We ended 2022 on a high note with the preview release of Amazon OpenSearch Serverless at re:Invent. Today, we are happy to announce the general availability of Amazon OpenSearch Serverless, the serverless option for Amazon OpenSearch Service that makes it easier to run search and analytics workloads without even having to think about infrastructure management. In this post, we share our approach and high-level architecture of OpenSearch Serverless.
Self-managed OpenSearch and managed OpenSearch Service are widely used to search and analyze petabytes of data. Both options give you full control over the configuration of compute, memory, and storage resources in clusters, which allows you to optimize cost and performance for their applications.
However, you might often run applications that could be highly variable, where the usage is not always known. Such applications may experience sudden bursts in ingestion data or irregular and unpredictable query requests. To maintain consistent performance, you must constantly tune and resize clusters or over-provision for peak demand, which results in excess costs. Many customers wanted an even simpler experience to run search and analytics workloads that allows you to focus on your business applications without having to worry about the backend infrastructure and data management.
What does simpler mean? It means you don’t want to worry about these tasks:
- Choose and provision instances
- Manage the shard or the index size
- Index and data management for sizing and operational purposes
- Monitor or tune the settings continuously to meet workload demands
- Plan for system failures and resource threshold breaches
- Security updates and service software updates
We translated this checklist into requirements and goals under the following product themes:
- Simple and secure
- Auto scaling, fault tolerance, and durability
- Cost efficiency
- Ecosystem integrations
Before we delve into how OpenSearch Serverless addresses these needs, let’s review the target use cases for OpenSearch Serverless, as their distinctive characteristics heavily influenced our design approach and architecture.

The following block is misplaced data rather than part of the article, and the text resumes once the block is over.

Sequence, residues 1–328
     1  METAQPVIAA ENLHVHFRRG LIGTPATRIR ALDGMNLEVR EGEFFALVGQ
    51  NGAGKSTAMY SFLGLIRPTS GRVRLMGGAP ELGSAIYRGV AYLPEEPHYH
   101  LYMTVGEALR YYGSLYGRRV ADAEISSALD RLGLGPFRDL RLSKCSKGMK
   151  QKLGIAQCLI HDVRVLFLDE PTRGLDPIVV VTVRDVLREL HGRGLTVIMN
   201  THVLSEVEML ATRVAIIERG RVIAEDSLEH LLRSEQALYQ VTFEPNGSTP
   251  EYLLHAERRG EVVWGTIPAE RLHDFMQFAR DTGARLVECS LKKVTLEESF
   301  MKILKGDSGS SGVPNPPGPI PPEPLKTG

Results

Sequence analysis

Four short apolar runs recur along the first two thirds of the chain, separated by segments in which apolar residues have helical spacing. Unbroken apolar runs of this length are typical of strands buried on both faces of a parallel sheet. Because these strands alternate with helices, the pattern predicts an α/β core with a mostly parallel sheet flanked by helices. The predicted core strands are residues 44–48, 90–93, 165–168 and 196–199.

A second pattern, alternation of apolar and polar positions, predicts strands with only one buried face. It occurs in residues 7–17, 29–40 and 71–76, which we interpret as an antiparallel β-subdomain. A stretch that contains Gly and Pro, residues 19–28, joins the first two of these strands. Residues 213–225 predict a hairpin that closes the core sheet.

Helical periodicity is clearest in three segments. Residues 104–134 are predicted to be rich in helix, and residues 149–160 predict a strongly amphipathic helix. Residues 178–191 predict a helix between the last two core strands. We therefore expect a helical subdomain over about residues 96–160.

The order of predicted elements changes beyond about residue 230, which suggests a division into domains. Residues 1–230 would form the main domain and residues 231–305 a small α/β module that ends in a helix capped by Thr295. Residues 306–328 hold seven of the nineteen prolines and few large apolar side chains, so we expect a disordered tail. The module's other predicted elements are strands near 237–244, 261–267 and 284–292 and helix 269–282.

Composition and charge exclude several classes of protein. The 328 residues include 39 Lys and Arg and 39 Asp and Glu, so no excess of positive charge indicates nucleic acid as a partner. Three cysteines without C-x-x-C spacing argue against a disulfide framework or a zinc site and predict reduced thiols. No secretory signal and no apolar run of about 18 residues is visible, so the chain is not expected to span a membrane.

Target use cases
The target use cases for OpenSearch Serverless are the same as OpenSearch:
- Time series analytics (also popularly known as log analytics) focuses on analyzing large volumes of semi-structured machine-generated data in real time for operational, security, and user behavior insights
- Search powers customer applications in their internal networks (application search, content management systems, legal documents) and internet-facing applications such as ecommerce website search and content search
Let’s understand the differences between the typical time series and search workloads (exceptions may vary):
- Time series workloads are write-heavy, whereas search workloads are read-heavy
- Search workloads have a smaller data corpus compared to time series
- Search workloads are more sensitive to latencies and require faster response times than time series workloads
- Queries for time series are run on recent data, whereas search queries scan the entire corpus
These characteristics heavily influenced our approach to handling and managing shards, indexes, and data for the workloads. In the next section, we review the broad themes of how OpenSearch Serverless meets customer challenges while efficiently catering to these distinctive workload traits.
Simple and secure
To get started with OpenSearch Serverless, you create a collection. Collections are a logical grouping of indexed data that works together to support a workload, while the physical resources are automatically managed in the backend. You don’t have to declare how much compute or storage is needed, or monitor the system to make sure it’s running well. To adeptly handle the two predominant workloads, OpenSearch Serverless applies different sharding and indexing strategies. Therefore, in the workflow to create a collection, you must define the collection type—time series or search. You don’t have to worry about re-indexing or rollover of indexes to support your growing data sizes, because it’s handled automatically by the system.
Next, you make the configuration choices about the encryption key to use, network access to your collections (public endpoint or VPC), and who should access your collection. OpenSearch Serverless has an easy-to-use and highly effective security model that supports hierarchical policies for your collections and indexes. You can create granular collection-level and account-level security policies for all your collections and indexes. The centralized account-level policy provides you with comprehensive visibility and control, and makes it operationally simple to secure collections at scale. For encryption policies, you can specify an AWS Key Management Service (AWS KMS) key for a single collection, all collections, or a subset of collections using a wildcard matching pattern. If rules from multiple policies match a collection, the rule closest to the fully qualified name takes precedence. You can also specify wildcard matching patterns in network and data access policies. Multiple network and data access policies can apply to a single collection, and the permissions are additive. You can update the network and data access policies for your collection at any time.